The latest album from Liam Gallagher's Beady Eye, BE, is now available! But can these old rock dogs learn new tricks on their sophomore effort? 411's Scott Rutherford checks in with his full review!
Many words have been written about the Gallagher brothers. Most of them usually focus on their ego and their more than temperamental relationship that exploded a couple of years back. While they have fractured previously it was always patched back together, make another album and earn another couple of million bucks touring. This time the break is permanent (or as permanent works in today’s musical climate) and has resulted in each brothers own bands, Noel Gallagher’s High Flying Birds and the remnant’s of Oasis forming Beady Eye with Liam up front.
Debut efforts form both were released in 2011 and intent was clear, High Flying Birds was a lush affair that mined the same ore as “Don’t Look Back in Anger” and “Stop Crying Your Heart Out” with Noel firmly in charge, while Beady Eye’sDifferent Gear, Still Speeding was a democratic affort with the whole band contributing songs and the style and feel being more straight ahead, Stones-like affair. Most believed Noel won the first round on points thanks to the broader sonic pallet used and his superior song writing skills that hit the mark more often. Beady Eye for their part show their hand when you have songs like “Beatles and Stones” but they still had some great moments with “Bring The Light” being a great example of rock n’ roll.
Round two for Beady Eye see’s them ensuing debut album producer Steve Lillywhite for the more experimental approach with TV on the Radio guru Steve Sitek taking control. How well will the band work with a producer who focuses on details rather than someone who’s hallmark is the bigger picture?
Track Listing - BE
1. Flick of the Finger
2. Soul Love
3. Face the Crowd
4. Second Bite of the Apple
5. Soon Come Tomorrow
6. Iz Rite
7. I'm Just Saying
8. Don't Brother Me
9. Shine a Light
10. Ballroom Figured
11. Start Anew
The obvious thing about Beady Eye’s new working partner is that he has not been afraid to tip the sound of the band on its head. “Flick of the Finger“ is the obvious album highlight as Sitek’s motto must have been “No Beatles Allowed”. It has the swagger that would expect from a Liam Gallagher vocal but the atmospheric production and the liberal dose of horns throughout make it clear, this is not Oasis.
Follow up track “Soul Love” only proves the point further. Built around drummers Chris Sharrock languid beat, it resists the temptation to bring in the histrionics that you would expect from a bunch of rock dogs instead the final 2 minutes are a sonic soundscape you would more likely find on a Brian Eno album that only enhances the meditative mood of the song.
This makes track three, “Face the Crowd” even more effective as the band revert to their usual rock form and even though the songs is nothing new for them, and the James Bond-like strings are almost a copy of string they used on “Millionaires” from their debut album. It makes an effect opening three-song combo for the band.
The biggest surprise of this set is the fact there really isn’t anything you would consider bad. Sitek for all his efforts cannot completely beat the English rock roosts of this band and nor should he. The band strength is the fact they know how to play a good rock song. Why completely abandon that? Missteps are more the course as songs like “Iz Rite” with it’s aping of John Lennon and “Soon Come Tomorrow” which is unremarkable in its plainness.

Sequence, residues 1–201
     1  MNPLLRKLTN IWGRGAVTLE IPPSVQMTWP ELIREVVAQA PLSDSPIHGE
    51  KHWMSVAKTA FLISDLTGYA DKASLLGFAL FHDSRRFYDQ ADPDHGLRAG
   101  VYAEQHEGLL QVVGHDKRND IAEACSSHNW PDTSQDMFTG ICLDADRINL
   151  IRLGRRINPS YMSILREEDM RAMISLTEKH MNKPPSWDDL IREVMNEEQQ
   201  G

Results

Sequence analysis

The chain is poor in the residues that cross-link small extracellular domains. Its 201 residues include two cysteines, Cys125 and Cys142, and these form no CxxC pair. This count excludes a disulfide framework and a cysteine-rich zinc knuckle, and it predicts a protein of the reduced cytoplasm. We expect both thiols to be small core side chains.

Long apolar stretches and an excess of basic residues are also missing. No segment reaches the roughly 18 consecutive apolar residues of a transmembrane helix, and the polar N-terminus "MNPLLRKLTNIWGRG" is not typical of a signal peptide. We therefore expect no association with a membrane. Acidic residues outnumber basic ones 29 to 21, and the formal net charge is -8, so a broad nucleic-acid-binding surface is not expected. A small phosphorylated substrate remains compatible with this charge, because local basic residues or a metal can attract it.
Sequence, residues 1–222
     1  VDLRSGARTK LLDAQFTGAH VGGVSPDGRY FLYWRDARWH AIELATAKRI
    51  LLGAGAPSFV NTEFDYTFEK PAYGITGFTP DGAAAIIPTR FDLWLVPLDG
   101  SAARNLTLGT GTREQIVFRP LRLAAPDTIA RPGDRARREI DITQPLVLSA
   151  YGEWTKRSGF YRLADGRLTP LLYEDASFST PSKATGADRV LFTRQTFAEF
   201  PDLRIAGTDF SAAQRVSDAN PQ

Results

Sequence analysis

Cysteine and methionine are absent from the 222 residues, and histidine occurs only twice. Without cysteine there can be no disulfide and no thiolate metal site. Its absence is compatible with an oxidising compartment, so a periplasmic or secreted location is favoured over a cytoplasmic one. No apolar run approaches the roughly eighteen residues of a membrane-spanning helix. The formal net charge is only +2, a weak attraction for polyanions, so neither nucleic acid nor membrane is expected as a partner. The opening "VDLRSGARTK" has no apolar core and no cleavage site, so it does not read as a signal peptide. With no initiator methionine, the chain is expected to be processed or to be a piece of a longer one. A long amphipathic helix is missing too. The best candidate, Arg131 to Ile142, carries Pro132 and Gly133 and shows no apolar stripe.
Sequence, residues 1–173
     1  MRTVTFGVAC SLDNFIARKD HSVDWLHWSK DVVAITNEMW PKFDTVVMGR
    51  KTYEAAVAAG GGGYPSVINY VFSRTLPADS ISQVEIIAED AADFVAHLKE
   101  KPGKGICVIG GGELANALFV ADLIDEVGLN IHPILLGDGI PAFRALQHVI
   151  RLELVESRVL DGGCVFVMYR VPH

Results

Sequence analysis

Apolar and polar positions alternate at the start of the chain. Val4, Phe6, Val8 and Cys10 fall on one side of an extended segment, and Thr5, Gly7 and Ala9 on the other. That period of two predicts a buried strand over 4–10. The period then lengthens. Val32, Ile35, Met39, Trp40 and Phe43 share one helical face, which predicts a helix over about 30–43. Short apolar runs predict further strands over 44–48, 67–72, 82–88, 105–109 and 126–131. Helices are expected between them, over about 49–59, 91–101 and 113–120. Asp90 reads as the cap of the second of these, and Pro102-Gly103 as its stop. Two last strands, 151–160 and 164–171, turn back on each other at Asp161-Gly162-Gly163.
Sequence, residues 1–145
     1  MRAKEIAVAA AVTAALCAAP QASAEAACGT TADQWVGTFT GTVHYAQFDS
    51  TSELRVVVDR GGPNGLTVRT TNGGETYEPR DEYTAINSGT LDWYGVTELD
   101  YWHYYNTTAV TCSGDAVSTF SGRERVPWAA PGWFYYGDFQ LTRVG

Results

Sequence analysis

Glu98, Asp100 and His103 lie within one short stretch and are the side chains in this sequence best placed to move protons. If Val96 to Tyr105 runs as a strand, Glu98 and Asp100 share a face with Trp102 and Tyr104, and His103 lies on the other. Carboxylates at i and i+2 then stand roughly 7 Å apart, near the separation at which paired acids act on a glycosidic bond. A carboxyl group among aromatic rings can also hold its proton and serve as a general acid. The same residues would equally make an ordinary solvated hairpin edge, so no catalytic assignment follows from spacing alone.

There is still a lot to like about the rest of the album. The jaunty beat of “I’m Just Saying”, the reimagining of the Bo Diddley beat in “Shine a Light”, the trashy glam styling of “Second Bite of the Apple” are all enjoyable listens. The one thing you take away from all of these is that they could have been made all the better with some judicious editing. It’s all good and fine to let the band stretch their legs when presenting songs but a producers job is to make sure each songs is as good as it can be. No more is this evident than on “Don’t Brother Me”.
You don’t have to be a genius to know what this is about and who it’s directed at. Liam is not shy (as if he’s ever been) and he’s in full barbed glory when he’s singing…
Don't bother me when you're done
Sick of all your lying, skimming and you crying
They say that I'm free but I'm one
I'm always in the sun, did you number one?
However, he morphs into a conciliatory tone with…
In the morning, I’ll be calling
Hoping you’ll understand
All or nothing, I’ll keep pushing,
C’mon now give peace a chance
Take my hand, be a man
Problem is what you have above is almost the entire lyrics for the song and it clocks in at over 7 minutes long. You could gut 4 ½ minutes out of this thing and gave us a properly great track instead you have something that meanders and is repetitive to the point of distraction. The same can be said for the two last tracks which are just there and unremarkable at best. You could have easily have left both these off and subbed in two tracks from the deluxe edition release of this album.
Most notably I would have included “The World is Not Set in Stone” with it apocalyptic feel and “Girls in Uniform” which is a dream marriage of Paul McCartney whimsy, Ray Davies narrative and a nice helping of fun. BE would have been stronger for it.
The 411: I like this album and it’s definitely step away from what you would expect Beady Eye to sound like. Dave Setik expanded the bands sound and let them have their way with the songs. While this has resulted in some sterling songs and moments, this set could have used a fresh set of ears and power of veto or at least edit down some of the more experimental moments. When Beady Eye get it right, you will be rewarded just be prepared a wade through some flat spots to get to the good stuff. Recommended.